It used to be that January was one of the slowest months of the year. Freezing cold in the northern states combined with short days across the northern hemisphere to produce a sluggish month for all but transport or working aircraft. Recreational flying slowed to the pace of thick syrup pouring from a chilled bottle.
When I lived in Minnesota and owned a big-engine Cessna 150 it was suggested to me by those with hard-won experience that you simply didn’t fly in the very coldest months. Yes, that bit still applied about cold air being thick and therefore the principles of aerodynamics work exceptionally well. Yet parts like gaskets and rubber seals could crack or become brittle, engine starts were harder on the mechanical parts, and even doing a preflight with bare fingers was a safety consideration. To avoid big maintenance bills, I followed the local wisdom and rarely flew in January.
Then came the Sebring U.S. Sport Aviation Expo. From its beginning nine years ago, this central Florida event began to change the conventional view. Northerners had a reason and place to escape winter’s wrath. While not balmy in January, temperatures are often in the 60s and storm systems that troubled northern latitudes rarely reached as far south as Sebring, Florida.
So significant was this alteration that the former starter show, SUN ’n FUN, now became the “season opener,” when huge numbers of recreational aircraft are pulled from hangars and given their fair exercise. Indeed, Sebring became the first show of the year and worthy enough to attract large numbers of Light-Sport Aircraft vendors, along with kitplanes and all manner of gear to support flight. The show has grown and matured to become an important member of the airshow circuit and has spawned several other LSA-centric events at different times of the year. This year’s event was the most versatile to date and sport-oriented pilots flocked to it.
At this year’s show, held Jan. 17-20, we saw several aircraft not before viewed at Sebring: Golden Avio’s F30; the modestly priced Groppo Trail; an amphibian gyrocopter; the Sam LS; and a Tecnam P2008 with the new Rotax 912 iS engine and FlyCool air conditioning installed. World Aircraft showed its new $85,000 Vision LT. And I was given a special briefing on an airplane that I’m not yet at liberty to discuss but which shows that, although the number of new SLSA may have slowed, the intensity of innovation is far from over.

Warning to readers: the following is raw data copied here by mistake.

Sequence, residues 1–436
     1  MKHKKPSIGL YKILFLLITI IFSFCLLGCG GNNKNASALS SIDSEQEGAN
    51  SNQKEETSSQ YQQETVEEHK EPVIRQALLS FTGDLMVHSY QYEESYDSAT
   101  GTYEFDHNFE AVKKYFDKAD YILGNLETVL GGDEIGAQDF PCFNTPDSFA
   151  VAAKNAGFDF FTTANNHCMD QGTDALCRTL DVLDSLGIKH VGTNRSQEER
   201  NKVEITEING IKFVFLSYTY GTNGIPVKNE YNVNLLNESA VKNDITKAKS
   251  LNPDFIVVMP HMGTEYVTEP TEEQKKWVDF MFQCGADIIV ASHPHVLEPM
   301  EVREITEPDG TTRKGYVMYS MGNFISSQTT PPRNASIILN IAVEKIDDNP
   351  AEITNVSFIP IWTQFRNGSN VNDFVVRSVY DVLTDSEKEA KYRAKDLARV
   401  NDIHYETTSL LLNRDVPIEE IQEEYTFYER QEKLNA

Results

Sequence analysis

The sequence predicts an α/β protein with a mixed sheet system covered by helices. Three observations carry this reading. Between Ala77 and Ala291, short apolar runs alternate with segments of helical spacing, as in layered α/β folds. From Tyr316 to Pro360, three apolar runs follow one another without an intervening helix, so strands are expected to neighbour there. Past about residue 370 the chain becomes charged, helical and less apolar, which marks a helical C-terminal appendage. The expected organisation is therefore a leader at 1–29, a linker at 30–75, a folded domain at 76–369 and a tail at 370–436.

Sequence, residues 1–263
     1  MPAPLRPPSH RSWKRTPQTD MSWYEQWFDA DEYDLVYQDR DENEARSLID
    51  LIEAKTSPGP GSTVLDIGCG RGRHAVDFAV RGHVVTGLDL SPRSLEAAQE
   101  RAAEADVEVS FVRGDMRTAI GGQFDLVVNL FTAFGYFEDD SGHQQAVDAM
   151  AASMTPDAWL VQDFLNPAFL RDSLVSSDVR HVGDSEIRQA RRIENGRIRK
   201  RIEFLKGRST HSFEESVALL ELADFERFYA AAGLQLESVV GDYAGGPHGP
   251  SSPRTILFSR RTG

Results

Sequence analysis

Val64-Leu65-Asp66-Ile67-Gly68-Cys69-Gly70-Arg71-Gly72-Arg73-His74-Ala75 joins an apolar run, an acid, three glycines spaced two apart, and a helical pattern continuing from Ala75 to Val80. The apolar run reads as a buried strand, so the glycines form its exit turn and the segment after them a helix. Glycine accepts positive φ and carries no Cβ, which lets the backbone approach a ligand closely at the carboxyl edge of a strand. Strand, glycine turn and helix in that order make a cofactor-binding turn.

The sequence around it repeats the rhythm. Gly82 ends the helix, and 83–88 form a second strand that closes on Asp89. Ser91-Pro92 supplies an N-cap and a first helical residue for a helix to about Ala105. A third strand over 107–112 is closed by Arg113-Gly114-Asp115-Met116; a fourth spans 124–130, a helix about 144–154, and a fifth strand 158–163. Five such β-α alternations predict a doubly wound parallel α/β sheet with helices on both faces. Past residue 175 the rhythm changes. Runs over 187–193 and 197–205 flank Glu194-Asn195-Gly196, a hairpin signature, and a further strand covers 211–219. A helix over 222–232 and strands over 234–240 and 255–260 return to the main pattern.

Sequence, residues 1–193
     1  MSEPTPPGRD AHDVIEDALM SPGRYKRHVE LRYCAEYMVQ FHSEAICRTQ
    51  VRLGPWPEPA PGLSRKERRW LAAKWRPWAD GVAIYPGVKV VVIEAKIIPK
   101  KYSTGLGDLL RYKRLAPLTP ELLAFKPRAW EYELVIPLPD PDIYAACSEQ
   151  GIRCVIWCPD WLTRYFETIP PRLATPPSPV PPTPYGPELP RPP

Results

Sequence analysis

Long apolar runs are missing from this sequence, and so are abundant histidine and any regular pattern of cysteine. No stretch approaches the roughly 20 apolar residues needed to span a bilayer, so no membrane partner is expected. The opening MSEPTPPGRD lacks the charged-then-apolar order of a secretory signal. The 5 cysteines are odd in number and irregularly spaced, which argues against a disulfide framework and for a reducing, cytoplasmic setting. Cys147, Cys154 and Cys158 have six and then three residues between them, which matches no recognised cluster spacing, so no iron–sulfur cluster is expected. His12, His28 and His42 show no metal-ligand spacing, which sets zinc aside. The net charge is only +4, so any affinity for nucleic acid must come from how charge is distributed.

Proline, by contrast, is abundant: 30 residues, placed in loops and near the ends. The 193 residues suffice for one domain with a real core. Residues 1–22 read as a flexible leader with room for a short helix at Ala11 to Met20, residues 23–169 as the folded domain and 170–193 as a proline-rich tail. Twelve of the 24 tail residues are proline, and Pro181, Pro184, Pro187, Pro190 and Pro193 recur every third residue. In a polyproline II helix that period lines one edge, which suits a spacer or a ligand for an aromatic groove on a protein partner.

Tecnam lead the show in the number of aircraft on display and that doesn’t even include the popular Twin Rotax model nor the company’s four seater and other larger aircraft. The P2008, now featuring the latest sophisticated systems, is one of the prettiest LSA in the fleet (though that’s a personal feeling, of course). Also from Italy is the Golden Avio F30, the final design from Italian aviation legend Stelio Frati, who achieved worldwide fame for his Falco F8L.
Tecnam and World announced a low-priced LSA to join the ever-popular Aerotrek in the sub-$90,000 (or sub-$80,000) range, proving that LSAs are not all more expensive as some pilots still insist. Yes, several deluxe models go for more than $150,000, but these beauties are loaded with fancy features like autopilots, full glass screens, airframe parachutes, and more. Another lower priced entry we’ll be watching is the Groppo Trail, forecast at $85,000-90,000. In another realm is the soon-to-be aerobatic FK12 Comet with the inverted-capable Lycoming engine.
While too-many underinformed pilots still feel LSA are “too expensive,” others continue to claim that “LSA can’t hold up in a flight school environment,” that they’re built too lightly for the rigors of instruction. At the show, videographer Dave Loveman and I did a series of video vignettes as we spoke with several aircraft manufacturers who gave us information about higher time LSA that are doing just fine training new students to fly.
One of the companies we talked to was M-Squared Aircraft. Proprietor Paul Mather took the time to detail his own experience with a trainer that shows the facts in numbers that we heard from all these purveyors: Given the purchase price and what a trainer can earn, less its operation and maintenance expenses, can yield an LSA that holds its value quite well and can produce earnings for its operator. That students love flying in new flying machines as opposed to tired, worn-out, 40-year-old GA aircraft is no surprise.
Not only do students get to fly in new aircraft that look and smell new, they also get the benefit of modern equipment similar to what might be in aircraft they buy once their training is complete. Lots of the LSA trainers we examined have glass cockpits that help a student pilot learn the latest technology while practicing landings, stalls, turns, and most of the same maneuvers any private pilot candidate learns while flying in a Cessna 172, one of the more common trainers in use today. That the LSA makes less noise and uses less than half the fuel — and probably lower-priced, cleaner-burning mogas — is icing on the cake.